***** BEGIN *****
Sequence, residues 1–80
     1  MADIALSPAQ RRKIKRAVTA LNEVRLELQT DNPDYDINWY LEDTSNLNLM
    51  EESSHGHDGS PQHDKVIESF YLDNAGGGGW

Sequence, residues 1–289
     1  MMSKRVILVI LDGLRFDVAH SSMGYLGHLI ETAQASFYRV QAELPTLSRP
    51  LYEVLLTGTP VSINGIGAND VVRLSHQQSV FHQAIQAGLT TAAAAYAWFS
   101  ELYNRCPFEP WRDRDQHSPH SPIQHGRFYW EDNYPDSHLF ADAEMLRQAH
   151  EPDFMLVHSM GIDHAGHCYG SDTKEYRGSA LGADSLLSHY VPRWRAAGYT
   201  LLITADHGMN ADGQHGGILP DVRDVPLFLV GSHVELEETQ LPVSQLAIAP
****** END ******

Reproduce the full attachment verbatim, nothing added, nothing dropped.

Sequence, residues 1–80
     1  MADIALSPAQ RRKIKRAVTA LNEVRLELQT DNPDYDINWY LEDTSNLNLM
    51  EESSHGHDGS PQHDKVIESF YLDNAGGGGW

Sequence, residues 1–289
     1  MMSKRVILVI LDGLRFDVAH SSMGYLGHLI ETAQASFYRV QAELPTLSRP
    51  LYEVLLTGTP VSINGIGAND VVRLSHQQSV FHQAIQAGLT TAAAAYAWFS
   101  ELYNRCPFEP WRDRDQHSPH SPIQHGRFYW EDNYPDSHLF ADAEMLRQAH
   151  EPDFMLVHSM GIDHAGHCYG SDTKEYRGSA LGADSLLSHY VPRWRAAGYT
   201  LLITADHGMN ADGQHGGILP DVRDVPLFLV GSHVELEETQ LPVSQLAIAP